Hindu temple tour in Ubud! Balinese architecture, Uluwatu kecek fire dance, Barong theater.
Bali, the Island of Gods! At last, I was able to come to this destination known for its warm, spiritual culture.
I had seen stunning photos of Hindu temples in Ubud…
… but nothing prepared me for how impressive it feels to be there in person, surrounded by incense and flowers.
You’ll remember that I stayed at The Ritz-Carlton Bali, a five-star hotel that encourages guests to take in the culture of the island. They have a partnership with Destination Services, who offer private tours and immersive activities for travellers.
Destination Services was wonderful at listening to my goals for a day trip, and arranging a temple and culture journey around Ubud. We had a sweet local guide with us, and we learned so much about Bali living — from temple histories to marriage customs.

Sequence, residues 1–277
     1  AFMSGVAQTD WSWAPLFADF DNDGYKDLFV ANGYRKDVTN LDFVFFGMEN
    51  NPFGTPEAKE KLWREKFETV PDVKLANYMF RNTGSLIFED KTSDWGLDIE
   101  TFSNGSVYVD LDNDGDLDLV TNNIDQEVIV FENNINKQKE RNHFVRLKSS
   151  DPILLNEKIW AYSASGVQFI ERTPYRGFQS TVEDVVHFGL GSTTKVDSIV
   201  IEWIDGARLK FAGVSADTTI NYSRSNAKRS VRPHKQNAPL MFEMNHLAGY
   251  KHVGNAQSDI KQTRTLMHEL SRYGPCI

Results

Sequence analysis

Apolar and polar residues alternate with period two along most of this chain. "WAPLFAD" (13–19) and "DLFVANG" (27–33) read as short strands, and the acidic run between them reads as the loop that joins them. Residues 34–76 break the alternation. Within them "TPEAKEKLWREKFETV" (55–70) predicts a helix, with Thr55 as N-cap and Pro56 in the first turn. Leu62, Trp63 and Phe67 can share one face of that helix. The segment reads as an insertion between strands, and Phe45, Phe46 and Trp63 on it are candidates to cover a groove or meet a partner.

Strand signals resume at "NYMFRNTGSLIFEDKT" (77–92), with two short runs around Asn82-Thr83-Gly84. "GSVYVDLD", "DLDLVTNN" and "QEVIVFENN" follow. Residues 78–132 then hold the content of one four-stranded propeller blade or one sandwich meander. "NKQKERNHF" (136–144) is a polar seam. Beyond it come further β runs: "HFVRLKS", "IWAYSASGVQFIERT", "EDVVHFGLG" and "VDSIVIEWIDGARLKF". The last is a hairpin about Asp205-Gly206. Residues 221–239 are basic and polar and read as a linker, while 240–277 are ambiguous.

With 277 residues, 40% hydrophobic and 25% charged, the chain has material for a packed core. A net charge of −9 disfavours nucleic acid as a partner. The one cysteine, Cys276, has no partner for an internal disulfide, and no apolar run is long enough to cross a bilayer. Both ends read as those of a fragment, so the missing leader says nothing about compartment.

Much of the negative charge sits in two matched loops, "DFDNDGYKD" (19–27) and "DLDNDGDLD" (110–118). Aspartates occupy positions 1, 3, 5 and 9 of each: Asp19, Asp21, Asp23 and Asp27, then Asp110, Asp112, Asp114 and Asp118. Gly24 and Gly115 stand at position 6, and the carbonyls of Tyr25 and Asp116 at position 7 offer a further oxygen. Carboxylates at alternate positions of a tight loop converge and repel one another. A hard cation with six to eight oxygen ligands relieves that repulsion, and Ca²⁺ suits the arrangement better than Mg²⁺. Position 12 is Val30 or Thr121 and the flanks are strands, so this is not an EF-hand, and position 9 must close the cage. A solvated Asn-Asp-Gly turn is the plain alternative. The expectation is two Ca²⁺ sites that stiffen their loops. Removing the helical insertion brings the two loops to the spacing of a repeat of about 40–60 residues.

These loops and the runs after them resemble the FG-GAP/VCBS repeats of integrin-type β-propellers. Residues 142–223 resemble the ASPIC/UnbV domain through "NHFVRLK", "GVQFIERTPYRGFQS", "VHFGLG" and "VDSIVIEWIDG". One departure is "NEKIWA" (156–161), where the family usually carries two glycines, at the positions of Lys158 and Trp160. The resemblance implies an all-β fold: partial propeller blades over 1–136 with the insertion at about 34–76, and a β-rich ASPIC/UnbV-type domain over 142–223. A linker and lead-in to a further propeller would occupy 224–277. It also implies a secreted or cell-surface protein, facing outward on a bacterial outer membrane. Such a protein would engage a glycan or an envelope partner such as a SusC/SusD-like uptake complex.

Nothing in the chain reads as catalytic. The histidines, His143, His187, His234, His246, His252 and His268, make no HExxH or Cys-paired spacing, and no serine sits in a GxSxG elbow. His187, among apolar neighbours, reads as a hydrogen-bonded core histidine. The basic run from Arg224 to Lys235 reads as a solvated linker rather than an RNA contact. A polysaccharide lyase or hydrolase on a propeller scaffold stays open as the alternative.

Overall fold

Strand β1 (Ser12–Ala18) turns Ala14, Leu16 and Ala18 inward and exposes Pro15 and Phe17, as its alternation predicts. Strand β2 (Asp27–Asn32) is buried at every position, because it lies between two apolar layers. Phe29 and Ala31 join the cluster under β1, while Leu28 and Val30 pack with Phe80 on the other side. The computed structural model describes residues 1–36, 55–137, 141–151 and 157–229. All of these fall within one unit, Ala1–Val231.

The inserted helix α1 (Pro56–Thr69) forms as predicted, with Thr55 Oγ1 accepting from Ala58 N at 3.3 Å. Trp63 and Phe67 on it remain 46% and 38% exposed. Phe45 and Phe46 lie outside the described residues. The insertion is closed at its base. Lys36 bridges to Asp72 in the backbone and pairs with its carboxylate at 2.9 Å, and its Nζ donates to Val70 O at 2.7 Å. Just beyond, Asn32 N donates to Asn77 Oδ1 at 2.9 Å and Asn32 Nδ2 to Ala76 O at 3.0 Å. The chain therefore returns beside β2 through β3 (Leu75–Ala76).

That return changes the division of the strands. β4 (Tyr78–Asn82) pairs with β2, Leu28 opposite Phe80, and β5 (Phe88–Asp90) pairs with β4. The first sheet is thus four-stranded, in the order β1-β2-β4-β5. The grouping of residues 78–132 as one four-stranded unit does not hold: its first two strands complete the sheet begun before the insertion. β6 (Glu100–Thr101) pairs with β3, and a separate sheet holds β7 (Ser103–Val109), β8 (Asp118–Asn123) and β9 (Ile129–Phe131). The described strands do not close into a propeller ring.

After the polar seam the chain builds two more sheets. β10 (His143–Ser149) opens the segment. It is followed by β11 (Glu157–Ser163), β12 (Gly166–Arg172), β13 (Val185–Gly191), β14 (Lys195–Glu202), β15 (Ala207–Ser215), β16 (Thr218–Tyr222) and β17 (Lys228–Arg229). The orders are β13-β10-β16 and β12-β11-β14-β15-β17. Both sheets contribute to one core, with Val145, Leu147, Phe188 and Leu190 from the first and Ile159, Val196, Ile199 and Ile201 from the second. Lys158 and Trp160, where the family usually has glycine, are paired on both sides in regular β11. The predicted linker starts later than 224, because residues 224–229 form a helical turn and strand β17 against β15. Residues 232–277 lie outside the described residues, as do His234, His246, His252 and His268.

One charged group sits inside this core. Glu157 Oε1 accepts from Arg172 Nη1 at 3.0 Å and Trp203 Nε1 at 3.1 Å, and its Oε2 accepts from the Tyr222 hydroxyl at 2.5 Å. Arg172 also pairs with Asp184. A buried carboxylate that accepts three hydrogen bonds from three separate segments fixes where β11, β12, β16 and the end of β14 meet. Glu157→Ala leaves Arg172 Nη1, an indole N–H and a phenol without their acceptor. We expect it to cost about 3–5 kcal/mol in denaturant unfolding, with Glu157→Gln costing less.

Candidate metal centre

In addition to visiting sacred places in Bali, we watched two colorful performances — including a kecak fire dance, as the sun set over Uluwatu Temple. There’s video footage below, so read on.
That morning, our Destination Services guide picked us up from The Ritz-Carlton Bali. The climate is especially humid around noon, and we were grateful we had a private, air-conditioned van to take us around.
The temples provide sarongs and scarves for guests to cover up bare limbs, as a sign of respect. I wore an Indian garment, which kept me cool yet covered.
I love customized private tours since you get to go exactly where you want with a local expert, and can avoid tourist traps like gift shops. Our guide took us to Pura Desa Puseh Batuan, a lesser-known village temple. (Photos by my friends Cohica Travel, who blog and consult on sustainable traveling.)
This pura (Hindu temple) is a thousand years old, and dedicated to the god Brahma.